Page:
Cricket Without a Ball
Introduction to Rabbinic LiteratureJacob Neusner (New York: Anchor Bible Reference Library, Doubleday, 1994) 720 pp., $40.00
“While I have enjoyed the work required for every one of the five hundred books I have published…accomplishing this work of summary…has given me the greatest satisfaction…it marks a definitive closure; I have accomplished my goals.”
An introduction to rabbinic literature? Or a summary of Jacob Neusner’s oeuvre? This volume does provide a description, with sample passages, of all the “classics” of rabbinic literature—or to be more precise, of early rabbinic literature, that is, from the third to the seventh century C.E.—the Mishnah, Tosefta, Talmud of the Land of Israel, Talmud of Babylonia and the early Midrashim. And yet, this description focuses almost entirely on their logical patterns and rhetorical forms, that is, only on Neusner’s own research.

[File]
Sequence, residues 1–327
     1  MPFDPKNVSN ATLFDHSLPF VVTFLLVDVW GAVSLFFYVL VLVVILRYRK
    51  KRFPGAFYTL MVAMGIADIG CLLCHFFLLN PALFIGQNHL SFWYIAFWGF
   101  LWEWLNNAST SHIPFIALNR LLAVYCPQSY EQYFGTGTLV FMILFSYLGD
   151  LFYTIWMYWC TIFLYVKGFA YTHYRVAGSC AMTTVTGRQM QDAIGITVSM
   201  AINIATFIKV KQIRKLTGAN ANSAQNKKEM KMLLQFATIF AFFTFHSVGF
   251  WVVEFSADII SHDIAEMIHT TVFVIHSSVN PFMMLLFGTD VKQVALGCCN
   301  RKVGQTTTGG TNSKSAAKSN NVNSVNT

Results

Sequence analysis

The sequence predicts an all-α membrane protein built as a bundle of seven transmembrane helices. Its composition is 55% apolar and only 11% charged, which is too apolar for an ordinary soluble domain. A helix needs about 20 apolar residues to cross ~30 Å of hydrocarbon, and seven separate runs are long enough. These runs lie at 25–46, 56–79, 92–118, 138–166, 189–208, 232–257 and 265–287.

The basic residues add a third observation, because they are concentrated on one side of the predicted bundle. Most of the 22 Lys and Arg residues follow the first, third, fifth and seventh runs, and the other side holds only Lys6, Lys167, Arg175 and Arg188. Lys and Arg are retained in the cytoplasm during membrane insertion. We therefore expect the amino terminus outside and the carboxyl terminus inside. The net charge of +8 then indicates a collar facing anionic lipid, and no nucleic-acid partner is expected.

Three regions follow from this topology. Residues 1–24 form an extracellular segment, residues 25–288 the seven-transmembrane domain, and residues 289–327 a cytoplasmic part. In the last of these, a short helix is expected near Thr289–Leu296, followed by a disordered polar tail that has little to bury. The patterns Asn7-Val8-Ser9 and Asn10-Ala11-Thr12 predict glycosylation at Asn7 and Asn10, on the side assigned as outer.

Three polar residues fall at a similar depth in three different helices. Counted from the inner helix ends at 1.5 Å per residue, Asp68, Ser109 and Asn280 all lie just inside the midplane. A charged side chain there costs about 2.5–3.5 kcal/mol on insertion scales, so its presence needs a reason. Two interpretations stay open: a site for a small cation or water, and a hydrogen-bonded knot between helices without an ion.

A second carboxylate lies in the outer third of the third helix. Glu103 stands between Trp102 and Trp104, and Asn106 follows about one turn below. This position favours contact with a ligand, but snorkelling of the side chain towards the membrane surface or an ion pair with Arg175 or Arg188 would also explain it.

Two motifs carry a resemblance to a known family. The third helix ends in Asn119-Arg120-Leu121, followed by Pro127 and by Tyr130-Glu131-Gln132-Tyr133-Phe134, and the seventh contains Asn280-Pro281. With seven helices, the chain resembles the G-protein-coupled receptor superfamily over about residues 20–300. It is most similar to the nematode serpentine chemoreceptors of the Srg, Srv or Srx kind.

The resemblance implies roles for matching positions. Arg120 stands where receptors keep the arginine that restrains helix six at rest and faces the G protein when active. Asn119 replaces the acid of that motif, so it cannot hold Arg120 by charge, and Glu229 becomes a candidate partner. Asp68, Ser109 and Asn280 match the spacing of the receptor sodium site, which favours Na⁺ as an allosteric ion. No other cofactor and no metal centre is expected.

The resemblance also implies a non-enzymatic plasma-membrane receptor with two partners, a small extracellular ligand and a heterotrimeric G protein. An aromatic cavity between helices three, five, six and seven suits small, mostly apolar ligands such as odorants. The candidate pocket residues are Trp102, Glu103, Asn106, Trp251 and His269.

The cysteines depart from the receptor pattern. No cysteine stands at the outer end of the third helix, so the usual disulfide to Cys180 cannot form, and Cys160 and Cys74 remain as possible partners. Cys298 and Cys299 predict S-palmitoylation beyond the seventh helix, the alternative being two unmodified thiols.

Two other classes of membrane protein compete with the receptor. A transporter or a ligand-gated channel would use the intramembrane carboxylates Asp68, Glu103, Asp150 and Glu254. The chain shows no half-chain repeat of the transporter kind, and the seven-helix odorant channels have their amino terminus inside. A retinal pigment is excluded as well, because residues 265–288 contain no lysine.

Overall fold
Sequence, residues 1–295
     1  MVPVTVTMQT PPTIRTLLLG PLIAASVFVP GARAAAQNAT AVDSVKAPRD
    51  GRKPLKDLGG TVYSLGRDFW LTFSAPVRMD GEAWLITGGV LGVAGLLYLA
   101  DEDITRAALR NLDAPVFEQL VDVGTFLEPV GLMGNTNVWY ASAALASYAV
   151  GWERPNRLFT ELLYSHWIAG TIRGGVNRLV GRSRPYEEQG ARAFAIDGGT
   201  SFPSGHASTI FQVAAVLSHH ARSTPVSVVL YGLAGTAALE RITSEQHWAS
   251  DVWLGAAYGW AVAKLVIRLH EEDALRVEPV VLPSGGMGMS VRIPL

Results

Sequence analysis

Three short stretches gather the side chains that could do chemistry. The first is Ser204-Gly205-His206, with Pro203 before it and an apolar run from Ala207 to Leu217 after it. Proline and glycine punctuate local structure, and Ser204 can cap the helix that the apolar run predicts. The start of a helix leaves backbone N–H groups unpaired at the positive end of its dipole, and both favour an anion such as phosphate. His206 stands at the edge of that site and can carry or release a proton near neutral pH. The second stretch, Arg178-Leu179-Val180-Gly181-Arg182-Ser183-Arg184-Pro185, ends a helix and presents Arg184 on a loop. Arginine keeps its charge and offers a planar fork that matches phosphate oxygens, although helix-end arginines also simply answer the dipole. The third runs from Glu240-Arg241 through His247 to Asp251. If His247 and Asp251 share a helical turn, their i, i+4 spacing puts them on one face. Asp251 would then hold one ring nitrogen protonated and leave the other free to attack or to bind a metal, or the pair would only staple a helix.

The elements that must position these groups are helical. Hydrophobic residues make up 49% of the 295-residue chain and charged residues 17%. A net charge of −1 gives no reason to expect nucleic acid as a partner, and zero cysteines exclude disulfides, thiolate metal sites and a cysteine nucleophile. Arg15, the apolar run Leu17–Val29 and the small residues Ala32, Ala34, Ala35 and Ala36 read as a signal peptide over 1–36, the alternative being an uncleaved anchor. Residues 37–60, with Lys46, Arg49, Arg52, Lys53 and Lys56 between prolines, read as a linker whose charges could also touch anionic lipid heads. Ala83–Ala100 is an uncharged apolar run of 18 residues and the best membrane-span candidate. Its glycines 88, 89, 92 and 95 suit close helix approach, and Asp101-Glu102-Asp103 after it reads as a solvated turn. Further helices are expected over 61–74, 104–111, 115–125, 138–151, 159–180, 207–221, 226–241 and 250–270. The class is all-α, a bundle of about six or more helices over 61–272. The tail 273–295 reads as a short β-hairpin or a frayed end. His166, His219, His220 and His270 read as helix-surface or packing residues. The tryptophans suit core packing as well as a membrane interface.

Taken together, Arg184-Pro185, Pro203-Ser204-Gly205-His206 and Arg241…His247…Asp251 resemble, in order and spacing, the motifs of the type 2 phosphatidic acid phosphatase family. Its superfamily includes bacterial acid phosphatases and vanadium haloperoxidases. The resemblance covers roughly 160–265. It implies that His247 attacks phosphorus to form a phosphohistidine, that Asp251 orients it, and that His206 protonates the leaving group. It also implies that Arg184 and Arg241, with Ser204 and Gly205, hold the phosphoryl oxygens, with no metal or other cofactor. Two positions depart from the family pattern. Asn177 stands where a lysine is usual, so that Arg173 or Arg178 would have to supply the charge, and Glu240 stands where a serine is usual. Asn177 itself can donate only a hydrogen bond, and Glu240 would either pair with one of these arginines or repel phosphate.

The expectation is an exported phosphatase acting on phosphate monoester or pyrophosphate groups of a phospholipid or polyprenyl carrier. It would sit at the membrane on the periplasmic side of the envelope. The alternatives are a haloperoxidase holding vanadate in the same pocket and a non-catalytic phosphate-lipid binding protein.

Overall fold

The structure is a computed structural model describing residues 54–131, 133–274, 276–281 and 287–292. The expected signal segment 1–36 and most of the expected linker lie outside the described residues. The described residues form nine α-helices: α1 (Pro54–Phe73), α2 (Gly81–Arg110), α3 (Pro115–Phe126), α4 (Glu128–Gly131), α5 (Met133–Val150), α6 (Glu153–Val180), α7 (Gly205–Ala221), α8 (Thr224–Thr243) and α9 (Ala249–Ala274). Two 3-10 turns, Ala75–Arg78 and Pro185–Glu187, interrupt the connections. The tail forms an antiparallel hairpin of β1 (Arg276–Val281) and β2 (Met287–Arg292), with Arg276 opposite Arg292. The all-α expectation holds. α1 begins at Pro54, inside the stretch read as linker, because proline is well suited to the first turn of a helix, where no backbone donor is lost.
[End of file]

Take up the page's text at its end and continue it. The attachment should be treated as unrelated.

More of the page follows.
This is unfortunate, because many of the most fascinating aspects of rabbinic literature, such as text, language, historical background, literary formation, medieval commentary and transmission, are largely, if not entirely, ignored. Contents, above all, are given a secondary, subordinate position in this volume. Neusner’s form analysis can be so abstract and detached from substantial textual evidence that it is often difficult to follow: It is like playing cricket without a ball.